Analysis and Response to Penal Code Sections 186.11 and 186.12

Asset Seizure

Click this link to view the text of Penal Code Sections 186.11 and 186.12 apparently pursued by the AG and County DAs. AB 1293 was Chaptered on September 30th, 2011. The seizing of assets of white-collar criminals as an enhancement in aggravated fact situations, as defined, may be dangerous for real estate and mortgage brokers, escrow holders, appraisers, developers, and principals of small to moderate sized hedge funds, among others.  Three to four potential felonies are low hanging fruit relatively easy to prove up and establish, e.g., comingling and conversion (even in the context of forming an entity with private parties to acquire interests in real property – equitable, fee, or mortgage and obtaining funds from the public not deposited in trust accounts as the licensee inappropriately claimed to be a principal when the licensee is acting as an agent within the course and scope of the real estate license); recording false documents (which occurs in various forms and fact situations); receiving advance fees (either when expressly prohibited under applicable law or not placed in trust accounts and handled in accordance with the requirements of the Real Estate Law); or issuing securities that have not been properly qualified by exemption or through application and permit. It is my understanding the consumer fraud units of County DAs and of the AG are actively pursuing real estate and mortgage fraud at this time.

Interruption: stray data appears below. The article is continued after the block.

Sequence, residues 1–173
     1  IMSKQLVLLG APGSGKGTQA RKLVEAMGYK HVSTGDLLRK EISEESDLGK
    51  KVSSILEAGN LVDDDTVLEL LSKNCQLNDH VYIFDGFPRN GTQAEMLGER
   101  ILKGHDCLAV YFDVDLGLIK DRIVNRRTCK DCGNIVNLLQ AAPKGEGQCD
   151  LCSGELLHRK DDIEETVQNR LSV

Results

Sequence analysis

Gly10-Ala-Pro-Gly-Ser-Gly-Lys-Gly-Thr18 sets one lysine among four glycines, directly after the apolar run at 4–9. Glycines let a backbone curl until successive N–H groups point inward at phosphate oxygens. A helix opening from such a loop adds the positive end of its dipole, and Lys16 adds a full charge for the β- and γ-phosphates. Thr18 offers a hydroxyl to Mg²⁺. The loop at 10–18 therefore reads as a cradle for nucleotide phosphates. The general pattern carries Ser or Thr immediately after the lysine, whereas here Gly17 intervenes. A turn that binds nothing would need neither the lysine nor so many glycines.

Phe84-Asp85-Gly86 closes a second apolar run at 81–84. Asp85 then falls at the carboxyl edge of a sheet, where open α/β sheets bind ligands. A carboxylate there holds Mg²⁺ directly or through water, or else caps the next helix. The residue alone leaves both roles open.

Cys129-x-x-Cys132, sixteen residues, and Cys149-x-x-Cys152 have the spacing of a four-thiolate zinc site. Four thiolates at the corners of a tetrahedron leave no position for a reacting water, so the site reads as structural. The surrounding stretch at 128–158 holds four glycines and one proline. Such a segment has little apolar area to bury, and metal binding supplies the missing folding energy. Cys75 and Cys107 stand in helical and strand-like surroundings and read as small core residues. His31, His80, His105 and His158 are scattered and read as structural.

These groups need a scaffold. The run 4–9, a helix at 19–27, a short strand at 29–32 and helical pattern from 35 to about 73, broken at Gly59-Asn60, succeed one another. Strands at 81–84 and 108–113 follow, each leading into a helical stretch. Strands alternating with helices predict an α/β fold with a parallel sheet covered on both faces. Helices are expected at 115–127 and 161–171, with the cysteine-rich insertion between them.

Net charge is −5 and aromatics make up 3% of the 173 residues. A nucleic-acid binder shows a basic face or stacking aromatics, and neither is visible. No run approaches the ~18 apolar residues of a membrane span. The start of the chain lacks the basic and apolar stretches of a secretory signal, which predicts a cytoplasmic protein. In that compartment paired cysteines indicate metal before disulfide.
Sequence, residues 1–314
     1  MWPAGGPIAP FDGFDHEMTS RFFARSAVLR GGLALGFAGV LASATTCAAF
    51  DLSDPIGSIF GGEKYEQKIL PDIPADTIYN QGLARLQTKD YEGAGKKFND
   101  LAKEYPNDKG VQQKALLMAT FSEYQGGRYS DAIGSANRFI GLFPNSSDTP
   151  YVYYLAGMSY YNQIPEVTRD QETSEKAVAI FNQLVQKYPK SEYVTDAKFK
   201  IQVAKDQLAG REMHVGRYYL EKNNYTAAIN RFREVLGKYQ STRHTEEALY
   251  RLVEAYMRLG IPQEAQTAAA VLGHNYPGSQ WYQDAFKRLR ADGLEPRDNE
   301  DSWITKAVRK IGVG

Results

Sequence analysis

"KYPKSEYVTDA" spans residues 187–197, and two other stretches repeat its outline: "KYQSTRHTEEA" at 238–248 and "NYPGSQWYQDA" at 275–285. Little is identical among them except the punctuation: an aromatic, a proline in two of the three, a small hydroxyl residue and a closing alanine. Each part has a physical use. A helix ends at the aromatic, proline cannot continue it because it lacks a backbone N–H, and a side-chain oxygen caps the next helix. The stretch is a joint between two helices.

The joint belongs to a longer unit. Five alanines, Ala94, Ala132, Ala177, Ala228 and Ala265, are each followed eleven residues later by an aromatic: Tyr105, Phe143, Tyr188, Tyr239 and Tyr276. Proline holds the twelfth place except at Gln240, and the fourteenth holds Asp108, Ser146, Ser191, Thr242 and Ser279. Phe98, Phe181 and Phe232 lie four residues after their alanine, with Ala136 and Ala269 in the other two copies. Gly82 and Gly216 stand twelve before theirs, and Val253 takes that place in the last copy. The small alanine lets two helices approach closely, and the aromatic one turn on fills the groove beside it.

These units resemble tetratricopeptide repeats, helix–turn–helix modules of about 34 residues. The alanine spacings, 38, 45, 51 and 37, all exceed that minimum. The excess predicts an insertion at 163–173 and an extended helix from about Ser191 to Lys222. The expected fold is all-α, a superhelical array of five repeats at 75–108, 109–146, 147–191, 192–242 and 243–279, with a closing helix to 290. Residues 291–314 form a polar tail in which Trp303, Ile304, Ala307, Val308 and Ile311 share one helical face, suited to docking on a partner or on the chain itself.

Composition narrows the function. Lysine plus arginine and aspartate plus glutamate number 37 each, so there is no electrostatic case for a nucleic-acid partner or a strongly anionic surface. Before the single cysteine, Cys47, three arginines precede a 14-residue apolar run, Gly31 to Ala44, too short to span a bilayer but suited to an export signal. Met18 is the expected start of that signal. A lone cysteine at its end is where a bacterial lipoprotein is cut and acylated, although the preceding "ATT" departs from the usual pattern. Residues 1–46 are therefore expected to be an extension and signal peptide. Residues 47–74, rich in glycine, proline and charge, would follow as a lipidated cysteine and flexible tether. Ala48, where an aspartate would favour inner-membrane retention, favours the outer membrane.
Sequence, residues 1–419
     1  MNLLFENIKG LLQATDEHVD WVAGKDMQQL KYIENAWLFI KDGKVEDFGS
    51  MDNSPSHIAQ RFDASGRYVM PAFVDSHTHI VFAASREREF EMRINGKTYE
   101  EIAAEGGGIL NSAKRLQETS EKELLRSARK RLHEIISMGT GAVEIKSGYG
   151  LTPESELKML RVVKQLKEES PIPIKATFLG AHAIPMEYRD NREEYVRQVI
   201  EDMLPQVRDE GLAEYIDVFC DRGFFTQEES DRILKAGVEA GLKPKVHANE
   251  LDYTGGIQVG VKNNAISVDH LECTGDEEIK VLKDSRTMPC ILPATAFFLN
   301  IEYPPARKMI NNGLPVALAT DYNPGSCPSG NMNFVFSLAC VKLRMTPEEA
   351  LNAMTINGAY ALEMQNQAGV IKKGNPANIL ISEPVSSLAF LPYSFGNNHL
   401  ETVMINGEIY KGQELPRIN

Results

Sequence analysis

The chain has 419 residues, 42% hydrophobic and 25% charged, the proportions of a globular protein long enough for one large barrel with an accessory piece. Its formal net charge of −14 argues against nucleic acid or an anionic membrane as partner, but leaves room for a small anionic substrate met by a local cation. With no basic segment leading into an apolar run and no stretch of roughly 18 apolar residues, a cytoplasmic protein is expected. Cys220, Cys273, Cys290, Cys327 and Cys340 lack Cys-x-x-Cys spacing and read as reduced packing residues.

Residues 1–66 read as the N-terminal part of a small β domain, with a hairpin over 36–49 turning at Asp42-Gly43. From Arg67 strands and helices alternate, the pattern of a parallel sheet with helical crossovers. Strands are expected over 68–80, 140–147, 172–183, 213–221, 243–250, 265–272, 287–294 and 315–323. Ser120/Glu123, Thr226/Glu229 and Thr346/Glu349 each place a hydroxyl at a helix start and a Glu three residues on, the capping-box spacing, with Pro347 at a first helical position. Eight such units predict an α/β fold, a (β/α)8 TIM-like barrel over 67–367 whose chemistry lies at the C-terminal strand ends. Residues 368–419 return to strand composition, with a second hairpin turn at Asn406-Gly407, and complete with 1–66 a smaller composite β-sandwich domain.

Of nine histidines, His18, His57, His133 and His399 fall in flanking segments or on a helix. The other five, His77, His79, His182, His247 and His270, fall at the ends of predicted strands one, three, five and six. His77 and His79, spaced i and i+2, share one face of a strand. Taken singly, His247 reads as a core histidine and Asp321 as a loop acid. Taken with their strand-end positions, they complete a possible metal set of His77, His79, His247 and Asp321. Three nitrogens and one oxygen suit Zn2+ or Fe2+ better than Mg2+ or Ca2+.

Duties to Buyers by Sellers and their Agents

The law is settled in California that Sellers do have duties of disclosure of material facts to Buyers, particularly latent property defects.  The seminal cases include Lingsch v. Savage (1963) 213 Cal.App.2d 729 and Easton v. Strassburger (1984) 152 Cal. App. 3d 90, which gave rise to Civil Code Sections 1102 et seq. and 2079 et seq. Further, the DRE imposes standards on real estate licensees pursuant to B & P Code Sections 10176 and 10177 regardless of whether the licensee represents the principal to the transaction to whom the disclosures are made.  For example, a real estate broker may be the exclusive agent of the Seller but would owe disclosure duties to the Seller and to the Buyer and fiduciary duties in addition to the disclosure duties to the Seller.

Click this link to view a brief overview of the Realtors Code of Ethics. The Code of Ethics obligates Realtors to disclose material facts to both clients and customers. Realtors describe clients as those principals to whom fiduciary duties are owed and customers as those principals to whom disclosure duties are required but to whom fiduciary duties are not owed. The Code of Ethics also includes a section entitled “Duties to the Public”.  This section is intended to apply to any party to a real property or a real property secured transaction in which the real estate licensee is acting within the course and scope of the license. The expanded Code of Ethics and Standards of Practices as promulgated by the National Association of Realtors and should be reviewed to understand adequately the duties and obligations owed by Realtors in real property and in real property secured transactions. The Code of Ethics are instructive for all real estate licensees, whether or not they are a member of the National Association of Realtors.

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